DOI: 10.5593/SGEM2016/B32/S15.103


O. Korostynska, A. Mason, I. Nakouti, W. Jansomboon, A. Al-Shamma’a
Thursday 8 September 2016 by Libadmin2016

References: 16th International Multidisciplinary Scientific GeoConference SGEM 2016, www.sgem.org, SGEM2016 Conference Proceedings, ISBN 978-619-7105-62-9 / ISSN 1314-2704, June 28 - July 6, 2016, Book3 Vol. 2, 791-798 pp

In the aquaculture industry around the world antibiotics are used for fish disease prevention and treatment. High residual levels of those antibiotics may contaminate natural water resources as well as soil, aquatic animals and plants. Their overuse in human and animal populations can lead to the development of resistant microbial strains, posing a dire threat to global health. Use of antibiotics in aquaculture and its impact on the environment is a growing concern amongst scientists, yet quantifying the amount of use and how much is being disseminated into the environment is very difficult. As with the use of antibiotics in food production more generally, there is a need for better data.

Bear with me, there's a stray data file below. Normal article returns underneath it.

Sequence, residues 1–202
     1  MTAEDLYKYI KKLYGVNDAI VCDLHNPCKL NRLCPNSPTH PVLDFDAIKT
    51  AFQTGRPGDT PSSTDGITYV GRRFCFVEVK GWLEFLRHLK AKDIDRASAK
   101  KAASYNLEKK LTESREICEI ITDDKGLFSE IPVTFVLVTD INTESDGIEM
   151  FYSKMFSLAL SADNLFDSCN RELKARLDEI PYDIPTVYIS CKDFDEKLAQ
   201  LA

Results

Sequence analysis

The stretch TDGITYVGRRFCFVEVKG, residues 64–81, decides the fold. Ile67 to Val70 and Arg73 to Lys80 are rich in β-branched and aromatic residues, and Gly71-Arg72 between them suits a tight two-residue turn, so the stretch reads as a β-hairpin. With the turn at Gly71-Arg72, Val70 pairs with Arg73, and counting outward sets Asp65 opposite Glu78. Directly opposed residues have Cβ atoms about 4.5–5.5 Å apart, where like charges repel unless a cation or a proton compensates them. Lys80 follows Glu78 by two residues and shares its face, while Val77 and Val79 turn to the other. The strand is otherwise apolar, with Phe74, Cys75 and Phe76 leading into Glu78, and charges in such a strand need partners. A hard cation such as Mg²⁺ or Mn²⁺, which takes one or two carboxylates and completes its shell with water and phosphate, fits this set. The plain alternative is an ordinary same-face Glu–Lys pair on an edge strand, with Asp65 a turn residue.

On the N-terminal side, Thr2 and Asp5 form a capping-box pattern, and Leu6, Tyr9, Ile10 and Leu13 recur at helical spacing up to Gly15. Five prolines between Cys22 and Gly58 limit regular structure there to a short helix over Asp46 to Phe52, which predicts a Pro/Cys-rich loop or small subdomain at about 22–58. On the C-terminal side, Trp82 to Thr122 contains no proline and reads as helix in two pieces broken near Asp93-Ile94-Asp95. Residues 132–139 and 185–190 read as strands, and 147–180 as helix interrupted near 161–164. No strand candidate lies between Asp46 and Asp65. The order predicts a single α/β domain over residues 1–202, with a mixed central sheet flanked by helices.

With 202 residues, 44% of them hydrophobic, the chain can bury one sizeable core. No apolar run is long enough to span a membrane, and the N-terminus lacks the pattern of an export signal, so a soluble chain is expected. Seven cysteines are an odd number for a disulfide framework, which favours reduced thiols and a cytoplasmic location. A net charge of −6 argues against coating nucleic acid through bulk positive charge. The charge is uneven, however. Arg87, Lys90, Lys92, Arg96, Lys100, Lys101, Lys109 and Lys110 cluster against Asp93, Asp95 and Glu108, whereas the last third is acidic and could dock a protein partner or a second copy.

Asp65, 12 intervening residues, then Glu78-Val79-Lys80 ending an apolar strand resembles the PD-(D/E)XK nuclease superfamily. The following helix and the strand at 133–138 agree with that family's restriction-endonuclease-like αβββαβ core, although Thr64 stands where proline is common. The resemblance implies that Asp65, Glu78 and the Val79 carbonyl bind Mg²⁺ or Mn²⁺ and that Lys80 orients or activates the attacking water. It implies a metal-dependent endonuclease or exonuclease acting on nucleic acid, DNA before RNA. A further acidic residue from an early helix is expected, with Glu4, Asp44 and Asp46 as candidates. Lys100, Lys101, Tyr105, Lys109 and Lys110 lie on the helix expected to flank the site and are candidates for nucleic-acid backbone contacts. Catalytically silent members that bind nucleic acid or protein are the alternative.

To prevent the improper use of antibiotics in aquaculture and to assist the food safety law enforcement, this paper reports on assessing the feasibility of a bespoke electromagnetic wave sensing method for real-time in situ monitoring of residual antibiotic concentrations in water samples. For the first time the antibiotics solutions were tested in contact with planar sensor with interdigitated electrode pattern on a number of substrates, including Rogers®, FR4 and flexible polyimide substrates.
Specifically, this paper communicates the experimental results of using bespoke microwave planar type sensors for the determination of Quinolones, in particular Enrofloxacin (ENR) and Norfloxacin (NOR) antibiotic concentrations. Reflected power signals were analysed in GHz frequency range and these were dependent on both: the type of antibiotic present in water and on its concentration.

Keywords: water ecosystem, electromagnetic waves; planar microwave sensor; antibiotics detection; aquaculture monitoring.